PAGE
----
The Yangtze is Asia’s longest river and drains one-fifth of China’s land area. Revered as the “mother river,” it has nurtured China’s history, culture, and economy since the dawn of civilization. This relationship between the people and the river has, in recent years, grown tense. Despite unprecedented advancements in engineering, all major cities on the Yangtze increasingly suffer from mounting flooding damage—demonstrating that the river is far from tamable.
Emerging because of its relationship with the Yangtze, central China’s largest city of Wuhan has coevolved with the river so symbiotically for the past 1,800 years that every milestone in its history has been tied to the river. Centuries of floods created fertile land for the early settlers, and high water safeguarded the birth of the city. As Wuhan has emerged as one of China’s hotbeds for technology, education, and innovation, land prices have soared and the city faces rising conflicts between development pressures and public demand for open space. It is striving to explore new ways of embracing the river after nearly a century of industrial exploitations and urban expansion.
Wuhan’s Yangtze Riverfront Park leverages the river’s dynamic flooding to nurture a rich regional ecology, reinforce traditional wisdom and the local identity of living with an ever-changing river, and creates a dynamic recreational experience which is acutely attuned to the seasonal rise and fall of the Yangtze’s waters.
This “river culture” is so deeply embedded in Wuhan that today people still frequent the riverfront parks even when they are flooded—enjoying the rare excitement of such intimate contact with the water. The design of the park celebrates this strong river culture and leverages frequent flooding events as a vital driver of placemaking strategies. Much of the programming along the river is designed to celebrate the river’s spontaneity and incorporate its flooding as an essential element of the ever-changing landscape.
The river’s mudflats continue to play a critical role in supporting biodiversity and delivering crucial ecosystem services, but the sediment flux of the Yangtze River has dropped tremendously due to numerous upstream hydrological projects along the river. The rapid disappearance of these mudflats places regional biodiversity in jeopardy. Through strategic dredging and grading, the design creates heterogeneous microenvironments that host a wide variety of distinct wetland ecosystems in the mudflats. Nuanced topography, coupled with the river’s frequent water level fluctuations, enable complex plant communities to grow. From emergent marshlands to vernal pools, these typologies create an evolving landscape character throughout the year.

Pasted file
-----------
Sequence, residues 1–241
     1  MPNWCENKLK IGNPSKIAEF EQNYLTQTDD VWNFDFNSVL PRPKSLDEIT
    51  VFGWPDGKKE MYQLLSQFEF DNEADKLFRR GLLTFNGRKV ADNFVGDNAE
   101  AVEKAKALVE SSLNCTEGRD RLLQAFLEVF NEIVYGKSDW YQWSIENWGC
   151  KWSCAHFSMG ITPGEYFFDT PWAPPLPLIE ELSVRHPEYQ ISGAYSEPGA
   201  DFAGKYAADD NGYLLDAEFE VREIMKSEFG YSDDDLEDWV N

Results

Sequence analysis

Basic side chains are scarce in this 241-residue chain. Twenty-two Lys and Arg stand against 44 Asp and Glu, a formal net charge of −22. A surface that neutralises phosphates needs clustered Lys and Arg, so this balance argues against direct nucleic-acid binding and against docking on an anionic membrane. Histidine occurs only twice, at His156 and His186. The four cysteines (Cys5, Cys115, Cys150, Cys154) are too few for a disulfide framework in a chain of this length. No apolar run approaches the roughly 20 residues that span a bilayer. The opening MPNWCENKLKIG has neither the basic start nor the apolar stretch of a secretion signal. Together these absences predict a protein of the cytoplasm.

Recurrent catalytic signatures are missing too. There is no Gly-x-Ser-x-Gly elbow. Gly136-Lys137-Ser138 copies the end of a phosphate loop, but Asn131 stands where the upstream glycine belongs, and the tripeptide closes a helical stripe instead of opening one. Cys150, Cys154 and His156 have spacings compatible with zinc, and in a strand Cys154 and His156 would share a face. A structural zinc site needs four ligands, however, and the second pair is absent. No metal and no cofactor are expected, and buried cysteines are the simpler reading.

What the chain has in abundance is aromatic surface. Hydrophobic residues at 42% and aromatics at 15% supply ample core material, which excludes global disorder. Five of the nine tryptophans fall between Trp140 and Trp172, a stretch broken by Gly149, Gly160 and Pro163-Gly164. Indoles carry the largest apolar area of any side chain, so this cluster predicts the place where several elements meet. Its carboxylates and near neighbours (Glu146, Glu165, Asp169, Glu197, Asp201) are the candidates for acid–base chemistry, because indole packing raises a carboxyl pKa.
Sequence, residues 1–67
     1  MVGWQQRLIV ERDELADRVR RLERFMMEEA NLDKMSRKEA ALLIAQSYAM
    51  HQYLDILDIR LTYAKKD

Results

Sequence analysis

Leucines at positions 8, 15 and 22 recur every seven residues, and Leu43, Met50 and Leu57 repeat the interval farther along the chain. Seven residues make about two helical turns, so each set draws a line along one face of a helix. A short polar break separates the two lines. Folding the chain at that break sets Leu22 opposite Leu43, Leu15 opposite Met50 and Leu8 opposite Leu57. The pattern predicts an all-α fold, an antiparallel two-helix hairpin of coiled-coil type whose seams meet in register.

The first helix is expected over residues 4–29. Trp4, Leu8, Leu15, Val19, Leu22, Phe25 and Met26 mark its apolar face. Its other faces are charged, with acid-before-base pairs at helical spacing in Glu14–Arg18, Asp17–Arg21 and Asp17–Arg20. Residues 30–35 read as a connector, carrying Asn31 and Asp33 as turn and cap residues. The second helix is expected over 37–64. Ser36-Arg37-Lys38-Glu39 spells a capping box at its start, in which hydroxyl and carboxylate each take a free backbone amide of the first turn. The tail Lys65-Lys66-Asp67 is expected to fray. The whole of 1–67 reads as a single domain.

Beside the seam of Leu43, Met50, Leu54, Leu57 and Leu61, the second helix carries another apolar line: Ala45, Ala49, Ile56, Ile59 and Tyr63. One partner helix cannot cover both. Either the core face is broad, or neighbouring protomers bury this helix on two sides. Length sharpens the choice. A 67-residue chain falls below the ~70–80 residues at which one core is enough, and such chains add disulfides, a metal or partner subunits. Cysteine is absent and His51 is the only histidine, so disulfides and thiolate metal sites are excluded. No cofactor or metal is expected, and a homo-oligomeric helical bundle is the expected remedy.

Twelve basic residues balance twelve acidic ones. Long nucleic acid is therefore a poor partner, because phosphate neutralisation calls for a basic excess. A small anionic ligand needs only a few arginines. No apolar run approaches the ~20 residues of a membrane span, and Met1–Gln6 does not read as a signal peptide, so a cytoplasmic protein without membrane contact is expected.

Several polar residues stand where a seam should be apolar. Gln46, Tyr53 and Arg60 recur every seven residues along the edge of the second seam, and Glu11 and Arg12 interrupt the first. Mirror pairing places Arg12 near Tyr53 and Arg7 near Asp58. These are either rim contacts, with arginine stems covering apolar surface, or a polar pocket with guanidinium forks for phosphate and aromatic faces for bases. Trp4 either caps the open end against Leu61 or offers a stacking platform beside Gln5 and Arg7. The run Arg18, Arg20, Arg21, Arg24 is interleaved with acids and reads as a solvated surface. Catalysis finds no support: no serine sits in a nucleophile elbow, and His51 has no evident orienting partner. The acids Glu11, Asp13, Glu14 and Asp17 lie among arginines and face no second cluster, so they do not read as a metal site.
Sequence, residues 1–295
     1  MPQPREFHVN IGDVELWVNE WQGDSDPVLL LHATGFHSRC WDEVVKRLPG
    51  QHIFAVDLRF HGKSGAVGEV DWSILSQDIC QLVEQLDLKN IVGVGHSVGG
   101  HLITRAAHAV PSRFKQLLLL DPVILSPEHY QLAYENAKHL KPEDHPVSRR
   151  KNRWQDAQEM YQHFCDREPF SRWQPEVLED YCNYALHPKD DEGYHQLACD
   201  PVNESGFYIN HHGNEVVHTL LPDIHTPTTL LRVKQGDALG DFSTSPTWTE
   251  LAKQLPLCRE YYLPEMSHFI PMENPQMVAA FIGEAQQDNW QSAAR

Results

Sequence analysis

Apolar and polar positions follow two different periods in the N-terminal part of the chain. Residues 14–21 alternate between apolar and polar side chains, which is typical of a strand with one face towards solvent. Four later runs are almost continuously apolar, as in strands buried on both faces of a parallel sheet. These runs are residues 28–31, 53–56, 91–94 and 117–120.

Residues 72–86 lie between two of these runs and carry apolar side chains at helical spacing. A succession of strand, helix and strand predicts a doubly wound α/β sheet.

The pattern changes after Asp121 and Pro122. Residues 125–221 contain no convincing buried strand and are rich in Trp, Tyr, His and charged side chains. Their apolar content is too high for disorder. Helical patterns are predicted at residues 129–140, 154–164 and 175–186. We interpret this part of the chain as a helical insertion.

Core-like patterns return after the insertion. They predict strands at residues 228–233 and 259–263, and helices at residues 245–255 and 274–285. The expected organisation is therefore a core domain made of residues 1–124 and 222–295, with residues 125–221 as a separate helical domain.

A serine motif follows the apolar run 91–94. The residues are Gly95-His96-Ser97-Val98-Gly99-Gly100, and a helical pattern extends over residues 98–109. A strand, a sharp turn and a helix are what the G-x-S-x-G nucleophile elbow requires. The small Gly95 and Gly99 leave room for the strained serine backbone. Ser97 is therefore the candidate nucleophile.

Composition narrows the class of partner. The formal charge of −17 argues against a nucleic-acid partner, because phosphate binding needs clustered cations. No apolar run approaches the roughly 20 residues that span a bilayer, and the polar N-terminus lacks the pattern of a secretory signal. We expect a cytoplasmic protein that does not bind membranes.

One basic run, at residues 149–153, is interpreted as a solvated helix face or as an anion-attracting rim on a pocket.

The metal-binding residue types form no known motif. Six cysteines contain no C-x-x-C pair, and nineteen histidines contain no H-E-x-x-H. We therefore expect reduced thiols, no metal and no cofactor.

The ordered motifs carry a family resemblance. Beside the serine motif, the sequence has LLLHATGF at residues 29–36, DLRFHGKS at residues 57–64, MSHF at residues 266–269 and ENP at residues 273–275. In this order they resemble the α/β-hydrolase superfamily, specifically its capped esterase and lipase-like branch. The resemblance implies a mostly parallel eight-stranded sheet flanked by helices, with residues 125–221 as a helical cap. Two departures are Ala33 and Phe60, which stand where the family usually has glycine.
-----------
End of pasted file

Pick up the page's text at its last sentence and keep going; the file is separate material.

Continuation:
A series of sinuous secondary streams are graded to emerge in the mudflats during mid-high water levels, and provide alternative passages for aquatic wildlife, as well as safe corridors for kayaking. This strategy creates a tranquil experience amid tall marsh grasses, even when the Yangtze’s waters roar. During dry months, these stream beds function as informal pathways for visitors to explore, slicing through the dense grasses.
Alongside logs for turtles to loaf on and submerged fish structures, waterfowl nesting platforms are installed in the open marsh. Discreet birding stations within the tree groves offer viewing opportunities for wildlife enthusiasts. Recreational spaces are arranged based on careful calculations of the dispersing distances for the key wildlife species in the river basin such that they do not intrude into the primary habitats. During floods, the recreational fields in the mudflats are temporarily returned to the river and repopulated by fish and waterfowl.
Wuhan’s rich industrial history is also celebrated, with historical landmarks highlighted throughout in the riverfront park. Though largely abandoned, the site’s massive railyards and remnants of freight train ferry terminals have a strong visual presence. This heavy-duty infrastructure offers engaging platforms for park visitors to more intimately experience the river, while a series of barges are connected to form a floating promenade. This promenade rises and falls with the river, and delineates a uniquely dynamic space in between. The design of the riverfront park repurposes these industrial relics as vibrant waterfront hubs of new cultural and recreational uses, including floating plazas, restaurants, galleries, and even a floating community garden.
At the iconic “Tip of China”—the peninsula at the scenic confluence of the Yangtze the Han rivers—the distinct color of the water of the two rivers clash abruptly with a clearly visible boundary in the middle of the Yangtze. Here, the Museum of the Yangtze rises from the levees and offers an uninterrupted panorama of Wuhan’s waterfront and burgeoning skyline.
A web-based outreach effort generated fruitful public support of the design, and consensus on the future of Wuhan’s waterfront. Throughout the design process, over 65,000 public comments were collected, helping to inform design various iterations. Local civic groups also organized a series of public meetings and site tours to promote stewardship of the river’s public landscapes. Local youth were also invited to portray their vision for the waterfront park at an event on site.
Built upon a strong consensus from the public engagement, the master plan for the Wuhan Yangtze Riverfront Park creates a socially inclusive and ecologically meaningful waterfront with a strong cultural identity that embraces the Wuhan’s unique philosophy derived from centuries of living alongside a dynamic river.
Below is a webinar recorded as part of the 2019 ULI Asia Pacific Thought Leadership Webinar Series—delving into our landscape architecture and ecology work for the Wuhan Yangtze Riverfront Park. Narrated by Sasaki principals Michael Grove and Tao Zhang:
For more information contact Michael Grove.